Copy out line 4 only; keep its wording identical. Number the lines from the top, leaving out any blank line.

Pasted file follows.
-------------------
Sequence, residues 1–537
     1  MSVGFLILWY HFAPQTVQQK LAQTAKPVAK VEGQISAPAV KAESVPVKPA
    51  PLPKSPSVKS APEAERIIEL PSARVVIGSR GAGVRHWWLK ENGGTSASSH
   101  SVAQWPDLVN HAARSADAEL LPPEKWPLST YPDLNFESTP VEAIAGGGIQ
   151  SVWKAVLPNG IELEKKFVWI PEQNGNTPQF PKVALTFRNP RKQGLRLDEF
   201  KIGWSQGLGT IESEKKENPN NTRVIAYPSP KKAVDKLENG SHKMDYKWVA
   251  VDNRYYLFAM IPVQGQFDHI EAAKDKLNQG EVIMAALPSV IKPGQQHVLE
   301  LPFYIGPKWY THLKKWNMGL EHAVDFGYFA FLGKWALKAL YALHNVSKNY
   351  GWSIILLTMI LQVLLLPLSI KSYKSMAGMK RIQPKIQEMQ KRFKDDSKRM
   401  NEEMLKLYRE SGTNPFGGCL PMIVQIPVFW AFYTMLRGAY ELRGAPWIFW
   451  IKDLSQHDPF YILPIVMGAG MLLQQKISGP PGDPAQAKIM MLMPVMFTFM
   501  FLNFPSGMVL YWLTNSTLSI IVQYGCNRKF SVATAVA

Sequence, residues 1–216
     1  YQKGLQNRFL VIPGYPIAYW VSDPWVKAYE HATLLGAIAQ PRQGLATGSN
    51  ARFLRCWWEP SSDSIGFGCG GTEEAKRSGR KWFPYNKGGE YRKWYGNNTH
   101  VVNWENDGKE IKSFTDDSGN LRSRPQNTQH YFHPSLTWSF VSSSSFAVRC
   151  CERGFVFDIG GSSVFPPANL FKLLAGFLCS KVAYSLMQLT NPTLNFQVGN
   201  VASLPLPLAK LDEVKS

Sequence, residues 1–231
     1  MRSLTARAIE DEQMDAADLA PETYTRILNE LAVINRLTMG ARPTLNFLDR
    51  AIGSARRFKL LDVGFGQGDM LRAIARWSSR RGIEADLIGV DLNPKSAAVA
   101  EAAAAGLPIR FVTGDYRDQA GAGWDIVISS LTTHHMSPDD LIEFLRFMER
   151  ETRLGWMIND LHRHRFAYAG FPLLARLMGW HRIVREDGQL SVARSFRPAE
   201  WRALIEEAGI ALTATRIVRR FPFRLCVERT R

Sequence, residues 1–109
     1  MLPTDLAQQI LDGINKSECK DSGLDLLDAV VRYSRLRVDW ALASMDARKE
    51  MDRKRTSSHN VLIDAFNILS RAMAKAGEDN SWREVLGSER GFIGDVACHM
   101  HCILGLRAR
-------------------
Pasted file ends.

   101  SVAQWPDLVN HAARSADAEL LPPEKWPLST YPDLNFESTP VEAIAGGGIQ